This weekend’s warm temperatures are sure to bring the Wisconsin State Fair plenty of golden sunshine, but there is something else besides the sun to be seen at the fair that is golden, warm, and pops out behind layers of green… Why it’s corn, of course! The New Berlin Lion’s Club is once again serving Wisconsin grown corn smothered in Wisconsin butter. For almost 60 years, thousands of volunteers have peeled, roasted, and dipped this sweet delicacy to satisfy the taste buds of many fairgoers. The five unit stand is capable of producing a total of 4,000 cobs per hour and proceeds go to numerous charities all over Wisconsin. If the cob is not for you, “corn-in-a-cup” is making its second appearance. Customers receive the corn they love, with the same number or kernels, but removed and in a cup with plenty of butter. Have you gotten an earful yet at this year’s Wisconsin State Fair?
Here in the great state of Wisconsin, we love to share our passion for barley, hops, yeast, and water, or, as cerevisaphiles call it… beer. According to a study conducted by the Beer Institute, the average Wisconsinite drank 36.2 gallons of beer in 2012. That’s more liquid than the average bathtub can hold! Today at 2 p.m. in the Horticulture, Craft, & Culinary Pavilion, see a beer making demo to learn more about this popular beverage. Join beer enthusiasts, Pat, Jason, and Jennifer as they discuss some facts on what they call “really yummy water” and learn some home brewing tips to make your next batch the best of the best. For more fun beer trivia, visit http://www.wisconsinbeerdrinkers.com/facts.html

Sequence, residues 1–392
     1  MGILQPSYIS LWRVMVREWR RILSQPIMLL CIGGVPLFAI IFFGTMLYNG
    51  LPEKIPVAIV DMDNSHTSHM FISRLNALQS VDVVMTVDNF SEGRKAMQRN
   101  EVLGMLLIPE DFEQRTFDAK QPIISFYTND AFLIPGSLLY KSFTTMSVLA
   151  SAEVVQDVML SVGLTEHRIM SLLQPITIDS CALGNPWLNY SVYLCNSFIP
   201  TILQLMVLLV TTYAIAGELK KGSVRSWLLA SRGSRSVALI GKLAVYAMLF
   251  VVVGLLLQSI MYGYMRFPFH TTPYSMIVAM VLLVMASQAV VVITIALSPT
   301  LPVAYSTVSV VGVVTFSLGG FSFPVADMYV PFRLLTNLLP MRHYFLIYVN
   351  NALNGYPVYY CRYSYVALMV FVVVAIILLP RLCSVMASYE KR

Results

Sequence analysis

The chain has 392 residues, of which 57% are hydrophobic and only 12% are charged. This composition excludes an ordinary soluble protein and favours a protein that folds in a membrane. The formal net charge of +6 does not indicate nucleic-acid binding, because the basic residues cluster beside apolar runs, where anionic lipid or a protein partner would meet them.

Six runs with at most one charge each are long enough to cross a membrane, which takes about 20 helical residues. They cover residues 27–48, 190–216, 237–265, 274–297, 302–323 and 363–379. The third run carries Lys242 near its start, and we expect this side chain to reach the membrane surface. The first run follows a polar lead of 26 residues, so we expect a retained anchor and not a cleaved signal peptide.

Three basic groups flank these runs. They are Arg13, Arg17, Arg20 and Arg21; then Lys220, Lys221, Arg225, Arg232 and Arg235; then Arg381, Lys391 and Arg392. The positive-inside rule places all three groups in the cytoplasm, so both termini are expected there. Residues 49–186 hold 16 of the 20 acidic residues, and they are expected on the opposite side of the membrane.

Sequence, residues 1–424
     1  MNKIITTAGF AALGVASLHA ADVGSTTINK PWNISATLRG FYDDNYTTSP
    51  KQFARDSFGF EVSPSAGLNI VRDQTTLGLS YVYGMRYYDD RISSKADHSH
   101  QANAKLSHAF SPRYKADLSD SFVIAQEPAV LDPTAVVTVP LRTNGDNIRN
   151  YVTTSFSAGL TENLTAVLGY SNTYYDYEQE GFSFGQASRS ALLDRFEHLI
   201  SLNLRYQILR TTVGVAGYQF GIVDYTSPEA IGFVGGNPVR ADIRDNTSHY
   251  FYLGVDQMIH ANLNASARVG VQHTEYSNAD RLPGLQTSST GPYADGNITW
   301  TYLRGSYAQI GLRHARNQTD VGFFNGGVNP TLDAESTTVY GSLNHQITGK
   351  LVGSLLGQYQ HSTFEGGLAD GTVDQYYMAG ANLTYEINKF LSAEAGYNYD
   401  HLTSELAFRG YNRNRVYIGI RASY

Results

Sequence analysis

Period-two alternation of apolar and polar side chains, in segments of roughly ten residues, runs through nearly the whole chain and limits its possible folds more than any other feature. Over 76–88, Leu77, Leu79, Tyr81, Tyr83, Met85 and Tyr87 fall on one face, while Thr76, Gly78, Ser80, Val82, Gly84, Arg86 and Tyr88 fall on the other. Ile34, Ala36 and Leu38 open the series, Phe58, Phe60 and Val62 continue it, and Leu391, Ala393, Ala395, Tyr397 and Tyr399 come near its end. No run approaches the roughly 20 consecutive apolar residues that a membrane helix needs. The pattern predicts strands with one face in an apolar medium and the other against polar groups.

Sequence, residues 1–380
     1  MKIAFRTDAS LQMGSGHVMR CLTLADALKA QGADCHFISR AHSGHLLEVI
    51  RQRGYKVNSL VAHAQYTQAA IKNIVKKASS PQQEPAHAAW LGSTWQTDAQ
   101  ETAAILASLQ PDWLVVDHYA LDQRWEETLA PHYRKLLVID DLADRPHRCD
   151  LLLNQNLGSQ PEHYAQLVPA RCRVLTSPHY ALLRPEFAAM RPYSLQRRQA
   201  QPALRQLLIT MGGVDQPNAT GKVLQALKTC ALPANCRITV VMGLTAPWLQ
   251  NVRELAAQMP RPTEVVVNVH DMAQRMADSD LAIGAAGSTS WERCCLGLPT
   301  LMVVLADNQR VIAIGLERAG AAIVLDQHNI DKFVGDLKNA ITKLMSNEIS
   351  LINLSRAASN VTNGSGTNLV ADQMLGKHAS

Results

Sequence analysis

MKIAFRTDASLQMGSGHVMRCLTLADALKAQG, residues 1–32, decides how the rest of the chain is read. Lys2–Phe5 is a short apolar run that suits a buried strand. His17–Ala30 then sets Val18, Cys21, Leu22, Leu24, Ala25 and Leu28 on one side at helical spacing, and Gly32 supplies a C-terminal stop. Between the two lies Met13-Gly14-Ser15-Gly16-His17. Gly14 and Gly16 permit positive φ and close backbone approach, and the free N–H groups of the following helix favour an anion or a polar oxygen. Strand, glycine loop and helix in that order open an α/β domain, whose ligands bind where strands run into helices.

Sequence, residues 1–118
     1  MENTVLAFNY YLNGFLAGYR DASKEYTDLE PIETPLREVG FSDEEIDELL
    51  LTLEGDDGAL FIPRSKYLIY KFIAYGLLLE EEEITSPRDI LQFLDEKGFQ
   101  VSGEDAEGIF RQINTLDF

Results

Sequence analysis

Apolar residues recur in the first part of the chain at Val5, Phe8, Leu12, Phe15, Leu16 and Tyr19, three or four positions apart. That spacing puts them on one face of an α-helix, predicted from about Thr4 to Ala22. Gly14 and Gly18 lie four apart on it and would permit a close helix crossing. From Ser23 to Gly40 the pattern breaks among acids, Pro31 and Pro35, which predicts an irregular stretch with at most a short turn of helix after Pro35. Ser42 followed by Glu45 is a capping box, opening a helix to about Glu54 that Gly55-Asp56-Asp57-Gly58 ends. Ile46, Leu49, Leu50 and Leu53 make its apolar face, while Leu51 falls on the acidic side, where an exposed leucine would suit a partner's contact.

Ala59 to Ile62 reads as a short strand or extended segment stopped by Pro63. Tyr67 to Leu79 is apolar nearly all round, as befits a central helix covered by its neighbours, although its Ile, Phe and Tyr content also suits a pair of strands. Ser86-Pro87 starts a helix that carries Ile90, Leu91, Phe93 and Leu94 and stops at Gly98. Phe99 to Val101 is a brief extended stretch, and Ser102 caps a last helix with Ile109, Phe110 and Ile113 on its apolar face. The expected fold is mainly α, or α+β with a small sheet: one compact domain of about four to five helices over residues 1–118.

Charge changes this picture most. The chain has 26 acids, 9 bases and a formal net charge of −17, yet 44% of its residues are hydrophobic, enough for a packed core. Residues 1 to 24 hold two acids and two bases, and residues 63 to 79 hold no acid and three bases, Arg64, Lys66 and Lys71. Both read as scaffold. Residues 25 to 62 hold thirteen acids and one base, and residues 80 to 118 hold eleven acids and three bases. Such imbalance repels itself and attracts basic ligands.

The Governor's Blue Ribbon Livestock Auction drew in a crowd double the size of Tuesday's Meat Products Auction. The auction raised an earth shattering total of $313,350, beating the previous record of $255,400 set in 2005.
Bidding began with the Grand Champion Steer exhibited by Lauren May of Mineral Point, Wis. in Iowa County. The 1,290 pound steer sold for $45,000 with the winning bid from Potawatomi Hotel & Casino.
Also breaking a new record, the Grand Champion Barrow exhibited by Myles Leahy of Lafayette County received a winning bid of $23,500 by Beer Capitol Distributing.
Combined with the Meat Products Auction’s total, this year’s Governor’s Blue Ribbon Auctions raised a grand total of $463,350 for the Wisconsin 4-H Foundation.
The State 4-H Showcase Singers celebrated 100 years of 4-H yesterday at the fair by singing and dancing in jubilation. The men's group pictured above sang a medley of modern day songs and cut a rug on stage... Wisconsin style. The Showcase Singers premiered in 1987 and have dazzled audiences at the Wisconsin State Fair and the 4-H Youth Conference ever since. The group usually consists of 30 to 35 high school aged students from all over the great state of Wisconsin who exemplify various musical talents and dedication to 4-H. The Showcase singers represent hard work, talent, family, and, most importantly, what it means to be a Wisconsinite. Way to go 4-H!